Bordighera Poetry Prize
WITH THE DEAD, a"Shades
"Shades of Black and White"
Selected episodes from LIVING WITH THE DEAD, a memoir by Fred
L. Gardaphe © 2002
Distinguished Professor of English and Italian American Studies
at Queens College, CUNY. For 10 years he directed the American
Studies and Italian American Studies Programs at the State University
of New York at Stony Brook. He is Associate Editor of Fra
Noi, an Italian American monthly newspaper, editor of the
Series in Italian American Studies at State University of New
York Press, and co-founding-co-editor of Voices in Italian
Americana, a literary journal and cultural review. He is
past president of MELUS (2003-2006) and the American Italian Historical
Association (1996-2000), His edited books include: New Chicago
Stories, Italian American Ways, and From the Margin:
Writings in Italian Americana. He has written two
one-act plays: "Vinegar and Oil," produced by the Italian/
American Theatre Company in 1987, and "Imported from Italy,"
produced by Zebra Crossing Theater in 1991. His study, Italian
Signs, American Streets: The Evolution of Italian American Narrative,
is based on his dissertation which one the Fondazione Giovanni
Agnelli/ Italian Ministry of Foreign Affairs award for 1993 dissertations)
and was published by Duke University Press in 1996; it was named
an Outstanding Academic Book for 1996 by Choice. He has
Dagoes Read: Tradition and the Italian/American Writer and
Moustache Pete is Dead!: Italian/American Oral Tradition
Preserved in Print, Leaving Little Italy: Essaying Italian American
Studies, and From Wiseguys to Wise Men: Masculinities
and the Italian American Gangster. Importato dall’italia
ed altri racconti dalla vecchia quartiere, an Italian translation
of a collection o f short fiction will be published by L’idea
Press this fall. His most recent book is The Art of Reading
Italian Americana. He is at work on a book concerning irony
and humor in Italian American
culture and on a memoir entitled “Living with the Dead"
the following story comes:
The first time I saw a Black man he was fighting
a white man. It was 1954, and Ezzard Charles was challenging Rocky
Marciano for the heavyweight boxing title. I peeked through the
spaces between the men who crowded around the television set that
had been taken out of our living room and placed on the stage
of our kitchen table. I thought Charles was painted black, a uniform
of sorts, like two opposing teams wear different colored jerseys.
He was in white trunks and the Rock was in black. Its a
hazy memory visually, but I can vividly recall the cheering of
the men who waved Schiltz and Blatz beer bottles in the air.
"Kill that nigger. Cmon Rock, you can do it!"
"Jam that Mulanjohn."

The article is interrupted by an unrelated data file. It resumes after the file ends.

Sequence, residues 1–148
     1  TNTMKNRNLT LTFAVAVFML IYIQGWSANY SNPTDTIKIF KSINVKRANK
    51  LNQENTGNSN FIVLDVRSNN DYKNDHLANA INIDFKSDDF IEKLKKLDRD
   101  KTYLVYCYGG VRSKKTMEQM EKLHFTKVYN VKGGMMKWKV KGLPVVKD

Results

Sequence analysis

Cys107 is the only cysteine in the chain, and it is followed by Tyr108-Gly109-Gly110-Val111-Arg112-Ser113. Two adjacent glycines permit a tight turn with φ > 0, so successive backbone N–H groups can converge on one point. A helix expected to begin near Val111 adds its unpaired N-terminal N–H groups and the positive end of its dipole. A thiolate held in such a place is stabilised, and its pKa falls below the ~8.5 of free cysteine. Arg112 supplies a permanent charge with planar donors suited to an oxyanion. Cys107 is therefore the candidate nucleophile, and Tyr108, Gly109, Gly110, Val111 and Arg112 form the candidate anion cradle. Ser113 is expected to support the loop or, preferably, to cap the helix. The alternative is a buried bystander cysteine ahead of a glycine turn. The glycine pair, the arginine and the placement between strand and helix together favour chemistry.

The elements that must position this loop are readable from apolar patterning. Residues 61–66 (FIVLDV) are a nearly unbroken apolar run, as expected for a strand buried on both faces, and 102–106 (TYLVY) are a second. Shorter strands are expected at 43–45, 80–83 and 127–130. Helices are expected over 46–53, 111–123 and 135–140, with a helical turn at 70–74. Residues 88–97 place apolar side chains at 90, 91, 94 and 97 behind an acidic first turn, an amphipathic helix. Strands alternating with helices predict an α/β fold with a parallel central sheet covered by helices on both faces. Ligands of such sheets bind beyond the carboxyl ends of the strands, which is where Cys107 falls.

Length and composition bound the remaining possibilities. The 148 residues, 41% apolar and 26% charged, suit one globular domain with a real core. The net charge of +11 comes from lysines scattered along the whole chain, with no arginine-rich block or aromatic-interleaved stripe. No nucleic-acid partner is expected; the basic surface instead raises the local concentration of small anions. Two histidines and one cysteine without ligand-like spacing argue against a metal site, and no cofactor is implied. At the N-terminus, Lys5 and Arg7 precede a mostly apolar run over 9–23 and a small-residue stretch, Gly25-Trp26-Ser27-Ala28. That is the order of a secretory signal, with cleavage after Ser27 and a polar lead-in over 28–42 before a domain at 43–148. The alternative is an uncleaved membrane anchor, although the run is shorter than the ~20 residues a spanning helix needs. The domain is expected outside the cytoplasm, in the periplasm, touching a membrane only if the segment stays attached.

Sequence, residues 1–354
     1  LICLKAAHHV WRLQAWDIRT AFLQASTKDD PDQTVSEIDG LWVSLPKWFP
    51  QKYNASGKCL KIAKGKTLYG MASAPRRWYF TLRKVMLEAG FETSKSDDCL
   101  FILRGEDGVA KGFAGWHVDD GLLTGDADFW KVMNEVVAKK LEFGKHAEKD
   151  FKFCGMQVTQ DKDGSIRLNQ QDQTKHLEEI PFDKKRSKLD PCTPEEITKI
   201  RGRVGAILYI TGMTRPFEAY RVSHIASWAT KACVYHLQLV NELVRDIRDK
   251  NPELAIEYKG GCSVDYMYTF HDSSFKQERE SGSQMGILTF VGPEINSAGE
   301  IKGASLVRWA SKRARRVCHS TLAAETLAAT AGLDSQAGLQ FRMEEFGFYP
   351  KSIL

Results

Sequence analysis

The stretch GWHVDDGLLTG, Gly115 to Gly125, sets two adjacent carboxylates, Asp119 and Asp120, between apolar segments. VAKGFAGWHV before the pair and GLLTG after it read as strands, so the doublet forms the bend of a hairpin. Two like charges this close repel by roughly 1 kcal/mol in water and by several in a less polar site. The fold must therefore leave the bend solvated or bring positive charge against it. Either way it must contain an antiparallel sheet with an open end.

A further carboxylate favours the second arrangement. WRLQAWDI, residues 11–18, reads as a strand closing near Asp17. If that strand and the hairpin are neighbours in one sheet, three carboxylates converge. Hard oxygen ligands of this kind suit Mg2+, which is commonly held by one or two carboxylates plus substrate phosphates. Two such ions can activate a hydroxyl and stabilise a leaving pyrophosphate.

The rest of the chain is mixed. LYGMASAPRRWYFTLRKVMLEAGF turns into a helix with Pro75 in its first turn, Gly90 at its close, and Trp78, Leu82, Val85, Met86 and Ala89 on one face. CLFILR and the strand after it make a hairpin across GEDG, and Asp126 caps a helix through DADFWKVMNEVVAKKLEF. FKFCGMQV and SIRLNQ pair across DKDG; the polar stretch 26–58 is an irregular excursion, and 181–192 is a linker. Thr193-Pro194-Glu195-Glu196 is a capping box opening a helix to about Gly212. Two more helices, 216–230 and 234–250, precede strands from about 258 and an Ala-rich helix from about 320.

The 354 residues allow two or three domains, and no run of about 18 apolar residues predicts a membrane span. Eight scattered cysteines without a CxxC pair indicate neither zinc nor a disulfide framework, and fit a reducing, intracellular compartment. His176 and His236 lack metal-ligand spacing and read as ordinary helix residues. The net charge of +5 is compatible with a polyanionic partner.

"Tag that titzoon."
They called Charles names I assumed were given to the enemy. When
the Rock had successfully defended his title with a knock-out
in the eighth round, the men sat back and continued their drinking
"Thats what we shoulda done to them junglebunnies.
Knock em out of
our neighborhood, instead of turning yellow and movin out."
"You see the way Rocky held his ground. He didnt take
but a few steps
back the whole fight. If wed a done that, wed still
be in the city."
"Yeah, but we woulda needed a whole army of Rockies."
"Better we move here. At least we can control who moves into
"Yeah, thats what we thought in the old neighborhood.
Im tellin ya, a
nigger moves anywhere near this town and Im gonna burn him
Sounds like these taught me from the age of two, that it was good
white and bad to be black.
Though no blacks moved into Melrose Park, many lived in Maywood,
town across the railroad tracks. Few would venture across the
railroad tracks to even to buy liquor at the drug store. Maywood
was a dry town back then, and my grandfathers pawn shop,
the only pawnshop outside the city, was right across the street
from the drug store. My grandfather owned the corner property,
adjacent to the tracks; his property included a tavern, a doctors
office, his store, a barber shop, and a radio/t. v. store. We
lived in a two bedroom apartment upstairs. Next door to his shop
was Leo Pernices barbershop, and thats where I met
Tabor, the only black I ever knew who was welcomed across the
tracks; Tabor was his last name, and I never learned his first.
An old shoeshine man, he had a voice like Louis Armstrong, and
smoked a stubby cigar in a plastic holder. While he was waiting
for customers hed come outside to watch me bounce a rubber
ball against the wall. He said he used to play in the professional
leagues, but I didnt believe him. He did teach me some trick
throws and how to catch a ground ball with my feet and have it
roll up my leg and into my mitt.
None of the men ever talked much to Tabor; I guess thats
why he paid attention to me. When business was slow, wed
both walk outside; Id bounce that ball and hed tell
stories. He came up with some big ones like how Italians used